SPARK Program Helps Move Biomedical Research Concepts to Clinical Care
A new initiative from the Department of Medicine at the UVM College of Medicine is helping to bridge the divide between biomedical research and the market by bringing promising researchers together with business innovators and biotech leaders. Called SPARK VT, the goal of the program is to address the challenge of translating novel research from bench to bedside.
Based on a program developed at Stanford University, the department launched SPARK VT as a pilot in late 2012. Under the direction of Department of Medicine Chair Polly Parsons, M.D., the program's organizing committee — which included Professor of Medicine Mercedes Rincon, Ph.D.; department business manager Eric Gagnon, and Mark Allegretta, Ph.D., president and chief scientific officer of BioMosaics — put out a call to its faculty members and researchers for proposals aimed at translating novel ideas into therapies, diagnostics, or devices that could "advance rapidly into clinical care through commercialization or other pathways." This left a wide berth for any number of ideas — from therapeutic devices and medical applications available on smart phones to new chemical compounds or pharmaceuticals.
For the first SPARK VT round held in May of 2013, a panel of nine leaders from biotech, pharmaceutical, business, and legal fields heard presentations on five pre-selected proposals. The panel offered practical advice and challenged presenters to hone in on how their research was going to impact patients and improve care. Two projects — one presented by Markus Meyer, M.D., and the other by the team of Renee Stapleton, M.D., Ph.D., and Benjamin Suratt, M.D.— each received a $50,000 seed grant to help move their research from bench to bedside. Meyer is developing a fast and inexpensive way to test for heart function: A simple device to administer a small dose of nitrogen to a patient and time its flow through the body. Stapleton and Suratt are researching leptin — a protein hormone — as a therapy for Systematic Inflammatory Response Syndrome (SIRS). This syndrome includes sepsis and shock, and may result from trauma or infection.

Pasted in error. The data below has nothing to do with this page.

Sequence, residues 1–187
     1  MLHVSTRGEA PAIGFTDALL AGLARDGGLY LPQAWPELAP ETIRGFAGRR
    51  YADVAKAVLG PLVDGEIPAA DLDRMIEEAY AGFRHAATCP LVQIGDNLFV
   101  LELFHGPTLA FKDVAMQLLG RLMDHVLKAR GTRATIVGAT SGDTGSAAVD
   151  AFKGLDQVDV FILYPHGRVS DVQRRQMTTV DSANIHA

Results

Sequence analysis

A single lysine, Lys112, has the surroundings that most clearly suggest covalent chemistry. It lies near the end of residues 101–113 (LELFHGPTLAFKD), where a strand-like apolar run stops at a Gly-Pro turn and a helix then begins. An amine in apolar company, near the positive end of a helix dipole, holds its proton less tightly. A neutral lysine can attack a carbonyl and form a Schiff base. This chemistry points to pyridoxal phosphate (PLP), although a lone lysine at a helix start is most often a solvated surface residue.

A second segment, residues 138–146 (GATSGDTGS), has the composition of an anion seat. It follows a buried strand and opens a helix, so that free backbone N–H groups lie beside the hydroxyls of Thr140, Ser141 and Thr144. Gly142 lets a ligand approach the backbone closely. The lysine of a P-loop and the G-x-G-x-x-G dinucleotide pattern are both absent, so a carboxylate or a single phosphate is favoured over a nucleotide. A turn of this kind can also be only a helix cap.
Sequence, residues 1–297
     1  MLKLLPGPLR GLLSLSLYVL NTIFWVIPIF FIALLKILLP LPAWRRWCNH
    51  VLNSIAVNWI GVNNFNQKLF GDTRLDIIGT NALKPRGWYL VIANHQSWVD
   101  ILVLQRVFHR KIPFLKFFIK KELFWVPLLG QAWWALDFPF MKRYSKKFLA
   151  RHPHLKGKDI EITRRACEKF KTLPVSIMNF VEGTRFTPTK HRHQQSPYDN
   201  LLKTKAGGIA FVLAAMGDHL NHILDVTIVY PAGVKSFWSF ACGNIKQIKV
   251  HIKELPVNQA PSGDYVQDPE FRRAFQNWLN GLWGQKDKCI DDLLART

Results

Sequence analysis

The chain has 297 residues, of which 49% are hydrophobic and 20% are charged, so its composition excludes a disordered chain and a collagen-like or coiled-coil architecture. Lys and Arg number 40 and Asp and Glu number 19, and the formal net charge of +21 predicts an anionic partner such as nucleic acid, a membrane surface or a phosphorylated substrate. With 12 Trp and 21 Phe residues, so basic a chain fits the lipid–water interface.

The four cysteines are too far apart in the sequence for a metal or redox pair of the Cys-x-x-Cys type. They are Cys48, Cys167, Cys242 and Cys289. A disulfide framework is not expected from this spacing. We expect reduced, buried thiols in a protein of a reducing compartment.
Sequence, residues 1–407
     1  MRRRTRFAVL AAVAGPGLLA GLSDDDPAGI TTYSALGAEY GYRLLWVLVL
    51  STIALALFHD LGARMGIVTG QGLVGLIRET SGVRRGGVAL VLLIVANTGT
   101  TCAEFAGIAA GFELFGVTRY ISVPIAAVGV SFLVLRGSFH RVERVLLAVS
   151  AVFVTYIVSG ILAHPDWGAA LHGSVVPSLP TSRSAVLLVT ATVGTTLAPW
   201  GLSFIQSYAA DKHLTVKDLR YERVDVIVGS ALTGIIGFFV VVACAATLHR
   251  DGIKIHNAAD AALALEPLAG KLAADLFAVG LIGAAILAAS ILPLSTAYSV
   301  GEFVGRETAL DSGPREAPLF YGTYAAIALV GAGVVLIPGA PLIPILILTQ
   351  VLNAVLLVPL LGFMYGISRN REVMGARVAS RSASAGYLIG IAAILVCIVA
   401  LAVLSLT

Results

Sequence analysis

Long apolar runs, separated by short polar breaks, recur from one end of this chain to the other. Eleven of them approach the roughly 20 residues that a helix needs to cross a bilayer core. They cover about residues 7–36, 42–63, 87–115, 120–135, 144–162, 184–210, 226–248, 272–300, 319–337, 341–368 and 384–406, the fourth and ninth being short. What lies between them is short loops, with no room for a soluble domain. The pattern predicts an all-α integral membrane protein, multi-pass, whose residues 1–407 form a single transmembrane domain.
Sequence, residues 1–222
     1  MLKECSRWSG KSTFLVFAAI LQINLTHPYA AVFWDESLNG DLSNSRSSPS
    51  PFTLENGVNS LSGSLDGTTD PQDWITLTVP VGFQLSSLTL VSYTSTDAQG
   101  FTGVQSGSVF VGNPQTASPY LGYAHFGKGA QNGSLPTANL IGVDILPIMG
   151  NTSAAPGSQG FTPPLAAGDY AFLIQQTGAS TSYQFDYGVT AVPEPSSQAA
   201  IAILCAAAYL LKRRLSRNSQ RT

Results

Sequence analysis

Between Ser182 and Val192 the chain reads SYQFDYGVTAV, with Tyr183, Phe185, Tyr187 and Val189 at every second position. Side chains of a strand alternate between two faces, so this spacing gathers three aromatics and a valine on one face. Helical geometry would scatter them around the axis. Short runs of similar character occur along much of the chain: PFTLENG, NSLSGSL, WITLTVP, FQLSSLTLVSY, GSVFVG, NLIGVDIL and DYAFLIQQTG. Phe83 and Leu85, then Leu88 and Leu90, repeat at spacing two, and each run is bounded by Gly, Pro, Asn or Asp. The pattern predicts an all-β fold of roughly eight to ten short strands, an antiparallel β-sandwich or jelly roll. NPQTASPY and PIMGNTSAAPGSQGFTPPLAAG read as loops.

One goal was for participants to apply for two National Institutes of Health grant opportunities that have seen an increase in funding at a time when many programs are being cut: the Small Business Innovation Research (SBIR) and the Small Business Technology Transfer (SBTT) grants. Both programs ask small businesses to collaborate with research institutions to help commercialize potential new technologies.
SPARK VT funding allowed both projects to move to the next phase of study. Meyer completed follow-up studies on the heart function monitor, and created a startup company to support his venture. He also submitted an SBIR grant. Suratt and Stapleton have completed additional studies and submitted a patent application with help from UVM's Office of Technology Commercialization. They've also submitted several grant proposals, and are exploring possible industrial partners.
The Department of Medicine will hold a second round of SPARK VT presentations in June 2014, with the same invited panel of experts returning to learn about research from faculty members who submitted proposals. For this round, faculty from two additional departments were invited to submit proposals: Neurological Sciences and Obstetrics, Gynecology & Reproductive Sciences.
Last modified May 15 2014 03:32 PM